The costs involved for this project were very minimal in proportion to the positive impact they have on our guests. By simply adding two additional people to the Housekeeping Floor Supervisor Team, we were able to allocate 50 rooms per supervisor and re-title them to Guest Experience Managers and kick-start the project.

What are the future plans for the Guest Experience Managers? Will the program continue? Are there plans to expand it or roll it out to other properties?

Currently our Guest Experience Managers service our Loyalty member guests. Future plans for this year are to service all arriving guests with the goal to roll this position out to other Langham Properties in the future.

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Could this work outside of Hong Kong in the United States?

By providing the right training, re-working the job description, re-distributing the workload, and communicating the development opportunities for colleagues and their potential impact on their guests—yes I do think this is possible for any hotel to implement.

Can you think of any anecdotes from customers that demonstrate the impact that the change has made?

A regular guest of ours booked an Italian restaurant in town the second time he visited with positive feedback. Our file for him also shows that he likes outside seating, drinking out of a large red wine glass for his white wine, and likes to eat his ice cream with a soup spoon. Therefore on all future visits our concierge team sends him a pre-arrival email asking whether he would like us to book him in at his favorite restaurant. We also highlight any new Italian restaurants that have opened. We ensure that the restaurant knows his preferences and has his large wine glass, soup spoon for his dessert, and outside seating. We also tailor his guest room with extra soup spoons in his minibar and large wine glasses for his wine. Each time he says he is blown away with our attention to detail.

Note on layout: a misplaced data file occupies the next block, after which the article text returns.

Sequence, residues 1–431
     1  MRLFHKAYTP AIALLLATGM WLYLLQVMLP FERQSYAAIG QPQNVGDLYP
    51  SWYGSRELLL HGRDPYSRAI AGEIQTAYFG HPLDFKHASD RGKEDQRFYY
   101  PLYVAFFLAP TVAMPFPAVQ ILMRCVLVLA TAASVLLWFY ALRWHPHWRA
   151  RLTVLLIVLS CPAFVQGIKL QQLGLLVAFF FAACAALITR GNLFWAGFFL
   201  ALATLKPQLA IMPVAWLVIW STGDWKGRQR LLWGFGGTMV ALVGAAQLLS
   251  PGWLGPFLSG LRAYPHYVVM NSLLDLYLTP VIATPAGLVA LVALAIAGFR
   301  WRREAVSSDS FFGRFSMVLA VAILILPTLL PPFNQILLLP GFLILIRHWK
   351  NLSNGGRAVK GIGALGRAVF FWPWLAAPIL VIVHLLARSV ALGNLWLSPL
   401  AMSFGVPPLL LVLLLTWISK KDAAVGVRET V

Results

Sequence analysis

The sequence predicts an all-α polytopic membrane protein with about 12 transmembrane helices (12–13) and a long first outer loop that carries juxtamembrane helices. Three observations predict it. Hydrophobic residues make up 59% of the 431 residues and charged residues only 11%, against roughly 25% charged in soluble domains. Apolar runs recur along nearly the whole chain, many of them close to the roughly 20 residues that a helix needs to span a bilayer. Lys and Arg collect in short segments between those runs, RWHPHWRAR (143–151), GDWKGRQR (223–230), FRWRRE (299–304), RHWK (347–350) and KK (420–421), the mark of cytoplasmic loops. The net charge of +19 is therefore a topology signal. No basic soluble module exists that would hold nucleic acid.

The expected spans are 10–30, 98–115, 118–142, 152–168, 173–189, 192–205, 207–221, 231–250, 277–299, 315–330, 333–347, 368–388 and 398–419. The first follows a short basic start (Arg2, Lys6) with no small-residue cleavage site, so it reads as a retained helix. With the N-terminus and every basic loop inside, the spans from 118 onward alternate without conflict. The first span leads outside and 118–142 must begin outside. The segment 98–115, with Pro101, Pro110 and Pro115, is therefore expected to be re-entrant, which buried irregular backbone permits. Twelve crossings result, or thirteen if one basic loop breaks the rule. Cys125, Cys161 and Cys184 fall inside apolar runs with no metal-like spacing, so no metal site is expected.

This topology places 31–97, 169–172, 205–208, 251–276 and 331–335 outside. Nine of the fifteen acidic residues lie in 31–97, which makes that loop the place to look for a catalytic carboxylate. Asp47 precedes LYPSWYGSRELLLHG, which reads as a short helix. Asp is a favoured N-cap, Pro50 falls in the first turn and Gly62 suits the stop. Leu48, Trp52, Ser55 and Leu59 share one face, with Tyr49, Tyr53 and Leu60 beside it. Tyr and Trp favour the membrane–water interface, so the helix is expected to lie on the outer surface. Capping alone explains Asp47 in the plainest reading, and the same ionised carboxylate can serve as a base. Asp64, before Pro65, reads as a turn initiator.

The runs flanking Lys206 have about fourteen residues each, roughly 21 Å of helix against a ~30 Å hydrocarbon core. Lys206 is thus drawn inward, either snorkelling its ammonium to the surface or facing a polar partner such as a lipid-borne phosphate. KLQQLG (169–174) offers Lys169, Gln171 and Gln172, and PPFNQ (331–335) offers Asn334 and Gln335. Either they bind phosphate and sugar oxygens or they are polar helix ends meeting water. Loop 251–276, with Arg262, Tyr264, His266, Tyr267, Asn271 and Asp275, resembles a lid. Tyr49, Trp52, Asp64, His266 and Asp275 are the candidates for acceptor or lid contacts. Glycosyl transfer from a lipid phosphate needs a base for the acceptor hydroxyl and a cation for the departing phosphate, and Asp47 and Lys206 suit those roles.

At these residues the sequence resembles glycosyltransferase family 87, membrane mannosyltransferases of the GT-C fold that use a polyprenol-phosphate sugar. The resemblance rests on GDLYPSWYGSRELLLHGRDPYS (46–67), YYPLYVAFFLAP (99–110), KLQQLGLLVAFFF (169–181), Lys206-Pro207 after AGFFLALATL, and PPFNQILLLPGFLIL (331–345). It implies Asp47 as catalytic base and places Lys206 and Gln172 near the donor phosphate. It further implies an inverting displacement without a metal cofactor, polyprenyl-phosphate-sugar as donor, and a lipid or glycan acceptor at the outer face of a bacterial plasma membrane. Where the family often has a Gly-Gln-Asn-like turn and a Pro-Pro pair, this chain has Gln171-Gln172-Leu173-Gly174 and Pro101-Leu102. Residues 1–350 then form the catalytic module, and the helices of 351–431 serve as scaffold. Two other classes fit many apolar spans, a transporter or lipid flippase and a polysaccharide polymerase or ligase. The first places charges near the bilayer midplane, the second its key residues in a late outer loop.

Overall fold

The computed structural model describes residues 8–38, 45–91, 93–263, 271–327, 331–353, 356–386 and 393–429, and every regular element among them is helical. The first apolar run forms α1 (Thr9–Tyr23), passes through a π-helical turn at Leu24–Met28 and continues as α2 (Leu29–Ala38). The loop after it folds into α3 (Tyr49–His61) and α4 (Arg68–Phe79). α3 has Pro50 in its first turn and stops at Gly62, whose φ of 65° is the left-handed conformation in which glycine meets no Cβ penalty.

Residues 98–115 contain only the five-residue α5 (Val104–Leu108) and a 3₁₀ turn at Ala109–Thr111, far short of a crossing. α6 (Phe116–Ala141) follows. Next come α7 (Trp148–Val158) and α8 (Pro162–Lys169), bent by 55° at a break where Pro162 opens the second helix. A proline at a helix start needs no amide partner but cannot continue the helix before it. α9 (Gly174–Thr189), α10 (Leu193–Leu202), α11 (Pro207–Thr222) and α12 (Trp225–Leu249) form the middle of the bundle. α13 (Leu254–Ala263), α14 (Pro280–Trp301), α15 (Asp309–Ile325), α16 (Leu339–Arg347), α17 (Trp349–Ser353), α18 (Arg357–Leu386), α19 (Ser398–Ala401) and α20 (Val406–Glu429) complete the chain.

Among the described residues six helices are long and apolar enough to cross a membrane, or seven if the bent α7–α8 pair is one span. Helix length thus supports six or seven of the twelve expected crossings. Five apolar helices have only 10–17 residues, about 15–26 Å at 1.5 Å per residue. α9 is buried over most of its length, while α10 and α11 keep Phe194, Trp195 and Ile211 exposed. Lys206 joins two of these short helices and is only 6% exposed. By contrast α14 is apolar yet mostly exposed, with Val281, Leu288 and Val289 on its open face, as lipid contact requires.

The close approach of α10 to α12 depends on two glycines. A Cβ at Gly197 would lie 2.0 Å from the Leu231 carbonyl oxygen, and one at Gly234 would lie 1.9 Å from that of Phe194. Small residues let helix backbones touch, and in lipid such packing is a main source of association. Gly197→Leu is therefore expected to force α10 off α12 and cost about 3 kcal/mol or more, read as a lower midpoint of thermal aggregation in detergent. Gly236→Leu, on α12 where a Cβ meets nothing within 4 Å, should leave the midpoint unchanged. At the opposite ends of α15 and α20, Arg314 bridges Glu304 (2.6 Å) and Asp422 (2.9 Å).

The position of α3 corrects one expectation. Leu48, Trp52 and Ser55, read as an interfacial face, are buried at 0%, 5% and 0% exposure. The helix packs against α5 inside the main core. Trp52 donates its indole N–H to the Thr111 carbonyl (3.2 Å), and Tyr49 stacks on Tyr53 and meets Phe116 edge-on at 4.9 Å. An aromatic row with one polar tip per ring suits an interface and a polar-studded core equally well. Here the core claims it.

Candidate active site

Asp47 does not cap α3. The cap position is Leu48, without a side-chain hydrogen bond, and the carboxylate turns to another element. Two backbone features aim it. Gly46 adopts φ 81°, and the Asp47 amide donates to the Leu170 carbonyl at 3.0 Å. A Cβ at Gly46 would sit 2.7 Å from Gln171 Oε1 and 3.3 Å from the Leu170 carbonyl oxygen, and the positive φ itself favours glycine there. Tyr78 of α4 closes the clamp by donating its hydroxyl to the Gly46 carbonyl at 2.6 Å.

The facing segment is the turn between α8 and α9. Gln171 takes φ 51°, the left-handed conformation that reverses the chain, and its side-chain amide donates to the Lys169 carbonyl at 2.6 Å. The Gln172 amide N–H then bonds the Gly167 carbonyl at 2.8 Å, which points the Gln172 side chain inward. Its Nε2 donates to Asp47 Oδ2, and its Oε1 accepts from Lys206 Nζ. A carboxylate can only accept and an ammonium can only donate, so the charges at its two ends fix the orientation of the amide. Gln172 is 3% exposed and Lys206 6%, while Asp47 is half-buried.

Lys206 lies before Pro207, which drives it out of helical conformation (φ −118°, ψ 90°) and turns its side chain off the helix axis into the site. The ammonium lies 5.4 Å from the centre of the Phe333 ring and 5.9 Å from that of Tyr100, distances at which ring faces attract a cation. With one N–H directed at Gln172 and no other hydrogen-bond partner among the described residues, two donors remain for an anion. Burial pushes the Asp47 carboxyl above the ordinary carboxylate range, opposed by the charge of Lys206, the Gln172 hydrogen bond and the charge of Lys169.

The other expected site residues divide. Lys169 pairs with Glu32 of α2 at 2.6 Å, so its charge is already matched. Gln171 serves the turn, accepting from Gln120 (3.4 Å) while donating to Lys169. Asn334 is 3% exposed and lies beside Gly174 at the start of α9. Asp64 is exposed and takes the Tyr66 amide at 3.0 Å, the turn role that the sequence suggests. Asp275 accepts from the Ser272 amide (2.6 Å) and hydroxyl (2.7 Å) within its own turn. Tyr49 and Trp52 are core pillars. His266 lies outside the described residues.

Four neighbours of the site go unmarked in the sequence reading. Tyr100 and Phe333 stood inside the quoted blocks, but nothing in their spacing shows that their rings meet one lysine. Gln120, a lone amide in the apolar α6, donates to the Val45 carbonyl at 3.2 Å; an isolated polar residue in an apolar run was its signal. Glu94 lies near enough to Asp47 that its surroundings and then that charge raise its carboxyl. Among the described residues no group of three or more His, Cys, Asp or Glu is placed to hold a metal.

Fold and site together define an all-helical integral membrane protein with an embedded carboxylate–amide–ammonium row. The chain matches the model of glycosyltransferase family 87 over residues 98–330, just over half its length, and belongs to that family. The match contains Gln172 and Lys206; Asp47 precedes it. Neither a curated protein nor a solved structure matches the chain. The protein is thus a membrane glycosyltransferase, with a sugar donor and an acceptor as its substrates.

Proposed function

What do the Guest Experience Managers think about their new jobs and duties?

Lesley, one of our very bubbly Guest Experience Managers feels she is ecstatic with the fact that the hotel has given her the chance to engage with guests. Prior to the new role there was not an expectation that housekeeping should engage with the guests. Now, housekeeping is guest relations on the floor. I now keep in touch with some guests even after they leave. They just want to feel at home and I make sure they do. One guest was lovely—she called me all day for each item and she was delighted I was like her personal butler.

Can you give some details for the three training areas? Let’s start with butler training.

This involves anticipating guests needs, paying unrivaled attention to detail, and providing seamless and distinctive service. We strive for unparalleled service transcending the expectation of guests, indulging guests with thoughtful touches of luxury, and a memorable experience through personal service.